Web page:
POSTER GALLERY  --view over 500  German film original posters from 1927–1954 from Germany and from across Europe!          

 

POSTER STORE    A FEW CHOICE RARE ITEMS FOR SALE !

What's new in 2019?

 

This page shall be updated regularly as any especially important or novel new film acquisitions are made in the course of the year. Stay tuned.

 

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Our first acquisition of the year is a small collectible, for a film our Collection has represented by two original German posters, Hans Bertram's war film, Kampfgeschwader Lützow. It is the invitation to the film's world premiere of 28 February 1941,  issued to someone by Tobis Filmkunst. The premiere took place at Berlin's most prestigious cinema, the Ufa Palast am Zoo. (A hideous post–war cinema edifice now bears the same name, as the original cinema when this film was premiered was a casualty of the war.)

 

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Our second acquisition for the year are the two German Censorship Office cards shown above. These were issued by the Munich branch of the Reichsfilmprüfstelle, which censored all motion pictures for cinema release in Germany. The censorship card is not a simple index card, but actually a multi-paged document of stapled cardstock which has every word of dialogue on the film's soundtrack, as well as each Scene, listed against paragraph numbers for easy visual coordination to a screened final print. The card reflects the final version of the film which is allowed to be shown publicaly. The second card, a Prädikat card, was issued in conjunction with the censorship card. This second card provided the film with special attributes for marketing purposes. In this case, "volksbildend" and "künsterlich," or 'nation-building' and 'artistic.' Such Prädikate also reduced or exempted cinema owners from paying certain govenmental taxes on the box office ticket sales of a film, so were ways the regime encouraged cinema owners to take up the film for their cinema(s).

We are very pleased to have found the original censorship cards for S A MANN BRAND, one of the iconic first propaganda films of the Third Reich. We have in our Collection both of the original German posters for the film, as well as the original "Werberatschlag," (Cinema owner's promotion guide) and some lobby cards as well.  Film censorship cards are almost never found for sale on the open market. They are held by various German governmental archives, such as the Bundesarchiv, or in scattered state film institutions; which in the chaos of post–1945 Germany, had many such documents destroyed, lost, burned, or stolen by Soviet forces.

Update: From the same seller, we have purchased the censorship cards for Veit Harlan's Die goldene Stadt (1942) and for the Victor de Kowa 1941 film, Kopf Hoch, Johannes! about an Auslands- HJ boy from Argentina (played by Klaus Detlef Sierck)  in a NAPOLA. Both cards super–rare!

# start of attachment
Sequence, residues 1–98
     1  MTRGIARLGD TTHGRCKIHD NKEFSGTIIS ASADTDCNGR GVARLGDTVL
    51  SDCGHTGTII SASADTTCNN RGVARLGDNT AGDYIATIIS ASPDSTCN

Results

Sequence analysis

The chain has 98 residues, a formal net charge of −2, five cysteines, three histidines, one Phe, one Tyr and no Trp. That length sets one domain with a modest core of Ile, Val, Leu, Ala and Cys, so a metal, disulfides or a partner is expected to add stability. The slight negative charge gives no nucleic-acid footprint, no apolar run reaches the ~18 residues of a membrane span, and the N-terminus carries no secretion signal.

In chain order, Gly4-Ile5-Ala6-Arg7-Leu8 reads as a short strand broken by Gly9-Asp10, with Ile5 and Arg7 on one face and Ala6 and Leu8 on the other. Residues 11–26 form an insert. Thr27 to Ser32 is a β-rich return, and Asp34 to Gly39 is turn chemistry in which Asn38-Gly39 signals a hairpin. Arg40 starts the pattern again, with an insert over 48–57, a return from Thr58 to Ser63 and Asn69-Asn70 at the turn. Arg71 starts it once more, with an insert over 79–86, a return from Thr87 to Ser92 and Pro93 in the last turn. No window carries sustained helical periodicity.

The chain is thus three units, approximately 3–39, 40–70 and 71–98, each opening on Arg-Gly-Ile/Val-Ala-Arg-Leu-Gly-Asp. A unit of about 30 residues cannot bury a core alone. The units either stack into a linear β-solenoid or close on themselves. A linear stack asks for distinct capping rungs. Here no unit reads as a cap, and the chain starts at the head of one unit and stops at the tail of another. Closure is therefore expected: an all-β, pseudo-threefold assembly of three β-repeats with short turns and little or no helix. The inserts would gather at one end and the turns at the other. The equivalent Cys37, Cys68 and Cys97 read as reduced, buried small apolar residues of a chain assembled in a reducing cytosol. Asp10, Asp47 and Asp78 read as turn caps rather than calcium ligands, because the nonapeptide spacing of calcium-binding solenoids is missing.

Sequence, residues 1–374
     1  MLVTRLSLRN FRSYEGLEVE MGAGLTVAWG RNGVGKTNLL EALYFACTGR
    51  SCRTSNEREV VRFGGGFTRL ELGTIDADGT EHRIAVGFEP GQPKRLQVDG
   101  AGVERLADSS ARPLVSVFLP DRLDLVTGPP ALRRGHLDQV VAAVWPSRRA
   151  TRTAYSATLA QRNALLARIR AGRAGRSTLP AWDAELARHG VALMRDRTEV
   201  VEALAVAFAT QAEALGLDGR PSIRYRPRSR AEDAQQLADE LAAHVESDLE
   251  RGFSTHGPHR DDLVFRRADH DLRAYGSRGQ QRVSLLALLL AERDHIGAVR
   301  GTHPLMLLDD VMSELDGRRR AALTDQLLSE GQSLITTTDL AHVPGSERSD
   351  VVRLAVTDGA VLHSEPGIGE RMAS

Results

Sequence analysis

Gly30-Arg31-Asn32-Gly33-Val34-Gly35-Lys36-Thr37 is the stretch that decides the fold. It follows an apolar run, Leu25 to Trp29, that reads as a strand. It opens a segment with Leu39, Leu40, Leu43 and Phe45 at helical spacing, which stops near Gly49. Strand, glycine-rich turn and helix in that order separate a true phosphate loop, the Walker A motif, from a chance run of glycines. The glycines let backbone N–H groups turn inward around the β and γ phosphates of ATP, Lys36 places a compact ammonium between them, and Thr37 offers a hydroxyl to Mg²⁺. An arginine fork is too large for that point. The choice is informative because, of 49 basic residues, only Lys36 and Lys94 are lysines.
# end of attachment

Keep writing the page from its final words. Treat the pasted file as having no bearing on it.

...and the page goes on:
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Hände Hoch! is our first poster acquisition this year. This was the first feature film of director Alfred Weidenmann. The film is banned today as a Hitler Youth 'Pimpf' film of boys sent to the Tatra Mountains in Slovakia in s-l1600-3.jpgWWII to escape the Allied bombing of their city; and the adventures they had whilst away from home.  This is one film for which we have virtually nothing in our collection other than a a few contemporary film newspaper articles;  so even though this is not the most exicting poster ever designed, it is a really scarce one. It another example of the Gaufilmstelle (Film distribution and public screening office for regional and rural Germany) poster, of which we have several. Once the poster is in our hands, it will be re–photographed properly and added to our Poster Gallery.

 

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We have won at auction the 4 page bi-lingual handbill for the Terra Filmkunst's JUD SÜß, which ties in with our original 1940 poster for that film in our collection.

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We have in the past two months, during our proofing and publication of our third Karl Ritter book, Legion Condor – Karl Ritter's lost 1939 feature film, managed to win at auction, to privately purchase, and to swap,  three posters, which are being added to our Collection as they arrive from overseas. 

 

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Spiel im Sommerwind is a love story in 1939 Germany between two attractive young people travelling across the Reich; Jakko is the story of a circus boy orphan whose late father's best friend, a circus clown, dies and Jakko is then taken in by a HJ Home and whose life is thus changed for the better; and Wetterleuchten um Barbara is an Anschluss film depicting the struggle of Tyrol mountain farmers against the Austrian authorities leading up the annexation of Austria by the Third Reich.

 

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We have acquired three extremely rare Italian original film stills from the 1933 German propaganda fim, Hans Westmar, for which we have a German poster (but not the Italian one.). Also a 4 page Italian language brochure for the film. We have never seen these items before.

 

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We won at auction no fewer than 232 original lobby cards for the Deutsche Wochenschau newsreels from  Newsreel #150 to #511, running from 1933 to 1945.  This Lot was fiercely bid up but we prevailed.  The photos are bent, as you can see from this photo we took of them upon delivery, but that can be improved upon. The overall condition of the individual lobby cards is good to very good.

 

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MORE scarce Film Censorship cards!  We have acquired nine more German Film Censorship Office cards for the following German feature films:

 

 

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 Achtung! Feind hørt mit! (1940)

Bismarck (1940)

Carl Peters (1941, also the 1944 WA card)

Himmelhunde (1942)

Ich klage an (1941)

Die Rothschilds (1940)

Der zerbrochene Krug (1937)

and for the 1932 classic short film starring Karl Valentin,